Monday, June 30, 2008
30/06/2008 11h02 AFP
BAGHDAD (AFP) - Iraq on Monday will award oil contracts to dozens of foreign companies in a bid to boost production that could also give multinationals a foothold in the country's huge but underdeveloped oil fields.
The oil ministry is to hold a press conference to announce the deals which include five technical support agreements with companies such as Shell, ExxonMobil, Chevron, Total and BHP Billiton, ministry spokesman Asim Jihad said.
The ministry also plans to sign contracts with 41 other foreign companies for extracting oil, Jihad had told AFP last week. These are expected to be short-term arrangements.
The contracts do not allow investments by the foreign companies in the oil sector but do pave the way for global energy giants to return to Iraq 36 years after executed dictator Saddam Hussein chased them out.
The move is also seen as a first step to access the third largest proven crude reserves on the planet.
Jihad had said the selected companies will have the first right to develop the fields once competitive bidding comes after the nation's long-delayed hydrocarbons law is passed by parliament.
Iraq wants to ramp up output by 500,000 barrels per day from the current average production of 2.5 million bpd, about equal to the amount being pumped before the US-led invasion in March 2003.
Exports of 2.11 million bpd currently form the bulk of the war-torn nation's revenues, and the oil ministry is keen to raise capacity over the next five years to 4.5 million bpd.
Iraq's crude reserves are estimated at about 115 billion barrels, but it is sorely lacking in infrastructure and the latest technology to which it was denied access under years of international sanctions after the 1991 Gulf War.
Sunday, June 29, 2008
Iran is a Nuclear Non-Proliferation Treaty signatory and has consistently maintained that its nuclear program is intended for civilian purposes only.
The National Intelligence Estimate (NIE) released in December last year, concluded Iran had halted its nuclear weapons program in 2003.
More recently, a May 26th 2008 report prepared by the International Atomic Energy Association (IAEA) criticized parts of Iran's nuclear program. Iranian leadership says the criticism is unfair and asserted the IAEA is being pressured by the U.S.
Don't forget, the U.S. is the only nation ever to have used nuclear weapons on civilians.
Saturday, June 28, 2008
By Hannah Allam McClatchy Newspapers
Posted Friday, June 27, 2008
BAGHDAD, Iraq — Outraged Iraqi officials demanded an investigation into an early morning U.S. military raid Friday near the birthplace of Prime Minister Nouri al Maliki, saying the operation violated the terms of the handover of Karbala province to Iraqi security forces.
Karbala Gov. Oqeil al Khazaali said U.S. forces killed an unarmed civilian and arrested at least one person in the raid in the southern town of Janaja. The governor's brother, Hassanein al Khazaali, said late Friday that the Iraqi killed in the operation was a relative of the U.S.-backed prime minister. Read On
Friday, June 27, 2008
By Amy Goodman and Juan Gonzalez, Democracy Now!. Posted June 23, 2008.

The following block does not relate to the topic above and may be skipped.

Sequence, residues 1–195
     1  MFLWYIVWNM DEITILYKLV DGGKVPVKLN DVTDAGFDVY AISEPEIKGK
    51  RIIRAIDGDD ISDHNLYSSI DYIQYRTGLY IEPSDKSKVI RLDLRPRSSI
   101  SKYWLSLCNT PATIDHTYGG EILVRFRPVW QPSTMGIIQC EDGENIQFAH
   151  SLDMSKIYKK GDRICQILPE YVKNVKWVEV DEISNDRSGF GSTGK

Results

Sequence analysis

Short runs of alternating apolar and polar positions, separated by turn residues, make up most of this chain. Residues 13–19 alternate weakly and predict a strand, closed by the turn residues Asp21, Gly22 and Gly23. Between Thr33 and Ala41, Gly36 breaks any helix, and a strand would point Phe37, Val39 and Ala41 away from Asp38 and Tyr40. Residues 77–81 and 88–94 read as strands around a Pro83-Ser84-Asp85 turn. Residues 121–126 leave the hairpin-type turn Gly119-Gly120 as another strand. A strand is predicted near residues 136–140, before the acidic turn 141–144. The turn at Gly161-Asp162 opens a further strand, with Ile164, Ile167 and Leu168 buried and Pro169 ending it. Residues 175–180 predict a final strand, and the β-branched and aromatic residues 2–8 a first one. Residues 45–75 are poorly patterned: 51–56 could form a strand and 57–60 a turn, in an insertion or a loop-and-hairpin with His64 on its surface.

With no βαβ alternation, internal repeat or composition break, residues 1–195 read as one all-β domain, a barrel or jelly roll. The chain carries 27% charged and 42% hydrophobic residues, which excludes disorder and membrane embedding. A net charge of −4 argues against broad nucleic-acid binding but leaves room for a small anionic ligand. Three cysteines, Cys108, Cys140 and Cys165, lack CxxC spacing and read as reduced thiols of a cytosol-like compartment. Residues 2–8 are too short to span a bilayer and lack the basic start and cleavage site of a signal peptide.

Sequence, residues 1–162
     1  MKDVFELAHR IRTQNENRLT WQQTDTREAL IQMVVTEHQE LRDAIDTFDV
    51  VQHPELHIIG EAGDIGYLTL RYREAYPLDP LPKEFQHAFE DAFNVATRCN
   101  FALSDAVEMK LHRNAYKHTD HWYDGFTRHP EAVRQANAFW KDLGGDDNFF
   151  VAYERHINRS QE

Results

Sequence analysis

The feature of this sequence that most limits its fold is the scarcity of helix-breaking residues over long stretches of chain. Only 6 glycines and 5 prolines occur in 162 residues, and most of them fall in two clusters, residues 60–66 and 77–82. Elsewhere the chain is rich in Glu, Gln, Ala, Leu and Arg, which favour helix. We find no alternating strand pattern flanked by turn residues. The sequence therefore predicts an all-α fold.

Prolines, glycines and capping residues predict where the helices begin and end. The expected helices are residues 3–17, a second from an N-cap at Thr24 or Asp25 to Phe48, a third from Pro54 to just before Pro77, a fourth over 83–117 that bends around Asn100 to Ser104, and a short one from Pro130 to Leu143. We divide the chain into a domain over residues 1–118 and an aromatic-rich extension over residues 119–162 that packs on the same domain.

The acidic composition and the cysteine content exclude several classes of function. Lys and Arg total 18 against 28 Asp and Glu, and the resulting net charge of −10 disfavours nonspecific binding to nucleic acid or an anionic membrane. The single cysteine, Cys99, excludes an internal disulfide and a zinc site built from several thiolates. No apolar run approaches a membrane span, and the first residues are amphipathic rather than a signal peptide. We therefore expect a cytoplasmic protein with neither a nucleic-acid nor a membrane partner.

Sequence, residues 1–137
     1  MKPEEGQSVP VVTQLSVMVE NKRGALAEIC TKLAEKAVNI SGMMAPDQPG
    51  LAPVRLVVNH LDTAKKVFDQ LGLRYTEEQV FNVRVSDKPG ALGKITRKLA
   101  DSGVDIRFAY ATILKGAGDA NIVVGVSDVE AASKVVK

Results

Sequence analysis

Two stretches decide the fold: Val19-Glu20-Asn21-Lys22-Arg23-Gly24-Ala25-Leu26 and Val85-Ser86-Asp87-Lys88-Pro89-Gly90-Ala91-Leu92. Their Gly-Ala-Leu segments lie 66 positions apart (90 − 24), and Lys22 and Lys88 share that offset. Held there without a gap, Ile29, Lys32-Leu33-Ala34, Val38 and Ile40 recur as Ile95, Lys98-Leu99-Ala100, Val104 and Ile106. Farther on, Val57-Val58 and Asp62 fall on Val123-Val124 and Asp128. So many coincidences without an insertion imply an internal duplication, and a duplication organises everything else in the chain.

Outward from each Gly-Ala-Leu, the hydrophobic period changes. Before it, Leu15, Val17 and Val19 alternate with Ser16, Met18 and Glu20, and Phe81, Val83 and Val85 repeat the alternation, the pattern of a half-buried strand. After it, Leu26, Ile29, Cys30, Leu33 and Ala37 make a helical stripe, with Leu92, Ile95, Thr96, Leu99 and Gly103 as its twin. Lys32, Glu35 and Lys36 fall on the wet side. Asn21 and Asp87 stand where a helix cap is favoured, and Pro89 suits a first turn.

As Congress pieces together the White House torture program, former Army General Antonio Taguba condemns Bush's "systematic regime of torture."
Last Tuesday, the Senate Armed Services Committee held an eight-hour hearing that exposed the role of top Bush administration officials in authorizing the use of harsh interrogation techniques. Meanwhile, Retired Major General Antonio Taguba, the Army general who first investigated the abuse at Abu Ghraib, has accused the Bush administration of committing war crimes. "The commander in chief and those under him authorized a systematic regime of torture," Taguba said.
Juan Gonzalez: Retired General Antonio Taguba, who led the U.S. Army's investigation into the Abu Ghraib abuses, has accused the Bush administration of "a systematic regime of torture" and war crimes. Taguba's accusations appear in the preface to a new report released by Physicians for Human Rights. The report uses medical evidence to confirm first-hand accounts of eleven former prisoners who endured torture by U.S. personnel in Iraq, Afghanistan and Guantánamo Bay.
Taguba writes, "There is no longer any doubt as to whether the current administration has committed war crimes. The only question that remains to be answered is whether those who ordered the use of torture will be held to account." Read On
By BRIAN CLOUGHLEY, CounterPunch
Can anyone state exactly why foreign troops are fighting in Afghanistan? What is the collective aim, the specific mission, the ultimate objective, of the 60,000 soldiers there? I ask this because as I write the total of US deaths in Afghanistan “and region” is over 450, and news has come in of the killing of more British and American soldiers. And I wonder what all of them have died for.
There are three separate foreign military organizations in Afghanistan, and they conduct operations entirely differently. The International Security and Assistance Force, the NATO countries’ military contingents, and the independent US forces have no single overall headquarters ; they have entirely unrelated Rules of Engagement (a preposterous and almost unbelievable situation) ; and do not have a combined mission statement. If a young captain at any military college in the world were told to produce a planning paper for direction of military operations in a foreign country and came up with such a harebrained cockamamie muddle he would be laughed at and sent packing.